However, if nothing less than perfectly manicured, stripe perfection will cut it, then you are going to need a cylinder mower. Cylinder mowers can give you a much closer cut than a standard rotary model although they are best suited to flat, uniform, stone, and twig free lawns. Cylinder mowers are fitted with several blades that give a ‘scissor-like’ cut resulting in a professional, pristine finish. When it comes to budget, cylinder mowers tend to be at the higher end of the price range but are worth the investment if you are willing to put in the time and effort it takes to achieve a professional finish. We recommend ATCO for quality cylinder mowers.

Click here to view our range of Roller Mowers.


Cutting Width

This refers to the width of the stripe your mower will cut. Put simply, the wider the cutting width the less time it will take to cut your lawn. For example, if your lawn is 20 meters wide you would have to make 49 turns up and down it with a 41cm cutting width lawnmower compared to just 38 turns with a 53cm mower – making the wider mower 30% quicker at cutting your grass.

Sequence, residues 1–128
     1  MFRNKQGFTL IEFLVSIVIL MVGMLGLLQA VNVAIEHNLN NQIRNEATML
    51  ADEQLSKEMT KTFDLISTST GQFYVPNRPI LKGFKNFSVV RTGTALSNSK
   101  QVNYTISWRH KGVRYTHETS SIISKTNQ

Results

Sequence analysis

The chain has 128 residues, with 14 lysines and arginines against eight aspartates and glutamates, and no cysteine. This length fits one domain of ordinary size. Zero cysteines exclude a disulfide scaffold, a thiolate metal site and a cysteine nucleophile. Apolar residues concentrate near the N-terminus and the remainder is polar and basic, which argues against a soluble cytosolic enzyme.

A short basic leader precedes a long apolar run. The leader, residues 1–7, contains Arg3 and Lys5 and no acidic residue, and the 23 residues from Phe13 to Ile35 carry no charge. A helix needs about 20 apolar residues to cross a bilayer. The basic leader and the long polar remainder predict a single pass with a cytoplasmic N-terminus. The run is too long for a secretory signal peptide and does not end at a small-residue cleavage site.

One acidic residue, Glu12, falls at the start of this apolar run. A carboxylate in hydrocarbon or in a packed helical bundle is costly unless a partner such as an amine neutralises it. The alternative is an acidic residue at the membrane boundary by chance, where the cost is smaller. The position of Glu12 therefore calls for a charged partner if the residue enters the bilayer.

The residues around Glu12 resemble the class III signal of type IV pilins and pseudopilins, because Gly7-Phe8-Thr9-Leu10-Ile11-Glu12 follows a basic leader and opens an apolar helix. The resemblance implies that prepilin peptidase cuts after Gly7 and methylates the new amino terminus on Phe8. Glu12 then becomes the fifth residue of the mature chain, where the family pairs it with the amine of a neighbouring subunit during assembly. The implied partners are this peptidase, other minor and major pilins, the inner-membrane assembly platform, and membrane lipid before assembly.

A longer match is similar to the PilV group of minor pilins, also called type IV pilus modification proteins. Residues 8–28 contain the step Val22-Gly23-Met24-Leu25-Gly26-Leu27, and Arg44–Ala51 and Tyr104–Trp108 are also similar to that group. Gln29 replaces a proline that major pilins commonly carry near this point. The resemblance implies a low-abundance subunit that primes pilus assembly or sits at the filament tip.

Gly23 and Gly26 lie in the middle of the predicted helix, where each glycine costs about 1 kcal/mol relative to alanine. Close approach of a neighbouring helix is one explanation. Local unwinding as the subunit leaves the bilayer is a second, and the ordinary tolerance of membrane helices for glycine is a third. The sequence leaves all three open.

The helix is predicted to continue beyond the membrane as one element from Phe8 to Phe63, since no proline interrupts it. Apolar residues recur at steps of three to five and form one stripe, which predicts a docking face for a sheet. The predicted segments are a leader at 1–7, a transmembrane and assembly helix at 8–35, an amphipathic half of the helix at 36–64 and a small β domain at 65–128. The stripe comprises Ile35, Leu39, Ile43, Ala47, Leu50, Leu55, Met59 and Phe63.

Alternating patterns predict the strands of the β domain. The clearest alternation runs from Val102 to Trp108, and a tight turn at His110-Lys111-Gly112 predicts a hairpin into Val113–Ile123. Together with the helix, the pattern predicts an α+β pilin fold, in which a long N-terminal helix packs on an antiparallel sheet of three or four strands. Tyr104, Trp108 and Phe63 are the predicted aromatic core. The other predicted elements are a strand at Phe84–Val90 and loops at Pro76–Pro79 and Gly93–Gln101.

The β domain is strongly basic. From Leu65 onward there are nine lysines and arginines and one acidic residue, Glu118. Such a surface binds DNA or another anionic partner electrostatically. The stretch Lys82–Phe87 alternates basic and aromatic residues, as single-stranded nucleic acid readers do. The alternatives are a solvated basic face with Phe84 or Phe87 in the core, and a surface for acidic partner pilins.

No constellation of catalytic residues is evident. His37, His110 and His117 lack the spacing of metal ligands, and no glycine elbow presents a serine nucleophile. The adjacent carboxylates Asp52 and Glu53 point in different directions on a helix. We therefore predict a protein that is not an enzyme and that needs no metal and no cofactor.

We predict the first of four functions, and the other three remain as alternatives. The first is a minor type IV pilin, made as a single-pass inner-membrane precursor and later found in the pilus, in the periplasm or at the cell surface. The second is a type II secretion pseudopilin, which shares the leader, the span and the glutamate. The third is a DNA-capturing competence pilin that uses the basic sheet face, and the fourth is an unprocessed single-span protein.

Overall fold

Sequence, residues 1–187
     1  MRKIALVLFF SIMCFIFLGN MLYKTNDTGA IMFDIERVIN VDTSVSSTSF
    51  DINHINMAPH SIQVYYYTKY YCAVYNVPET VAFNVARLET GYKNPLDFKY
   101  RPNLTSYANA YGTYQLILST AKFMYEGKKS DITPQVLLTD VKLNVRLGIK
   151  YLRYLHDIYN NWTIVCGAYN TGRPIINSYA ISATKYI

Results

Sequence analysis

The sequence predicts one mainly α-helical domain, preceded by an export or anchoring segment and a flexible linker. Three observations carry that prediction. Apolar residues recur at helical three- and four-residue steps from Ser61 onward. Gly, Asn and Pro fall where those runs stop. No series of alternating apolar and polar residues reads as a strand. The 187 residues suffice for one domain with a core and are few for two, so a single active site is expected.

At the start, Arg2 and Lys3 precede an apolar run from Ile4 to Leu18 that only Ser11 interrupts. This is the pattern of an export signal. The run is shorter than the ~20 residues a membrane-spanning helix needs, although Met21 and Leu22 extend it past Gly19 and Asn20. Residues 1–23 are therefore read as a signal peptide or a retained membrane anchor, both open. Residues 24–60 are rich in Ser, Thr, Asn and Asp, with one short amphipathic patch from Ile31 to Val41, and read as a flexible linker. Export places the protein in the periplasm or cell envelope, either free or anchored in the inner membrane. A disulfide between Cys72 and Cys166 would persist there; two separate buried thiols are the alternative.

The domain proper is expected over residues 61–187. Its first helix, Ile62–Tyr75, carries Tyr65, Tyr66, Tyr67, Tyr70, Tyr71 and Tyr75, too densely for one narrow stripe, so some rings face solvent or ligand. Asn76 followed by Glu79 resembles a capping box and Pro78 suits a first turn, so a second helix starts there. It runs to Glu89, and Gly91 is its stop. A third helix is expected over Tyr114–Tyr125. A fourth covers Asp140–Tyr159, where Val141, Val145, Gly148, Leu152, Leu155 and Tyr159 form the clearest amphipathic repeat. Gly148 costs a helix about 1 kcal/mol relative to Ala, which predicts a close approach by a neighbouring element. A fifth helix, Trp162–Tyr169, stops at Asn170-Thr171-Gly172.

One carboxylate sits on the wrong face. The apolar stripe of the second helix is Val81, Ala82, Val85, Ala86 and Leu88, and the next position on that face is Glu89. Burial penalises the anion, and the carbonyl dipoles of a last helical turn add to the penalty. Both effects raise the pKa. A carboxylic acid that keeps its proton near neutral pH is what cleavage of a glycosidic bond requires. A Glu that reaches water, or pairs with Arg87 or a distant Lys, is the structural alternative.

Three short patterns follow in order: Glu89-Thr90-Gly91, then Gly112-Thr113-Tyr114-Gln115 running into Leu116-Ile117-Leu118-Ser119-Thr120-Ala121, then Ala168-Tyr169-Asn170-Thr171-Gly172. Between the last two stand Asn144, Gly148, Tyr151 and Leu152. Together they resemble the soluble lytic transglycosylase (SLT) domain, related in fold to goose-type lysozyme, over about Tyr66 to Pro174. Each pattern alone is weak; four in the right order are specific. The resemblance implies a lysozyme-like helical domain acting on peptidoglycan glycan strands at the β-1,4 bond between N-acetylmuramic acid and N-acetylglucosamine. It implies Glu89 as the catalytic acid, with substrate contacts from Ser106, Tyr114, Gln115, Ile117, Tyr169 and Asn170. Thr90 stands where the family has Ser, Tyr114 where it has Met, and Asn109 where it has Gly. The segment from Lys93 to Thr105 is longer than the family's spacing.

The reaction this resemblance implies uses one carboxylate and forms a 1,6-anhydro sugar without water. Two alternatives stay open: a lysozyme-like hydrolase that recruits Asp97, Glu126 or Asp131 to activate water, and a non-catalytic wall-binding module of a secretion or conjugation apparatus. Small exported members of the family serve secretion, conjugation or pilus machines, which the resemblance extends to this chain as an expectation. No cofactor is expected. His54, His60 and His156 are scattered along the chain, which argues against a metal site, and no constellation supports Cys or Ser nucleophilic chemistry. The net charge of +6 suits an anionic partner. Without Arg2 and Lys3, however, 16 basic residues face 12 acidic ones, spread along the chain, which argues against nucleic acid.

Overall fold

Mowers with a wider cutting width will also have larger grass collector capacity meaning you will not need to stop to empty it as often. It is worth bearing in mind however that the wider the cutting width, the heavier the mower is likely to be when turning and manoeuvring obstacles, as well as being on the higher end of the price scale.


To Push or not to Push

Choose between hand-propelled or self-propelled models. Hand-propelled mowers need to be pushed to drive them forward – the motor or engine only drives the cutter blade. Self-propelled models require less effort to use thanks to a transmission that drives the mower forward for you when you engage the drive. All you need to do is guide the machine in the right direction. Some self-propelled models also come with a variable speed control, allowing you to adjust the speed to suit your pace or the mowing conditions.


The Long and Short of it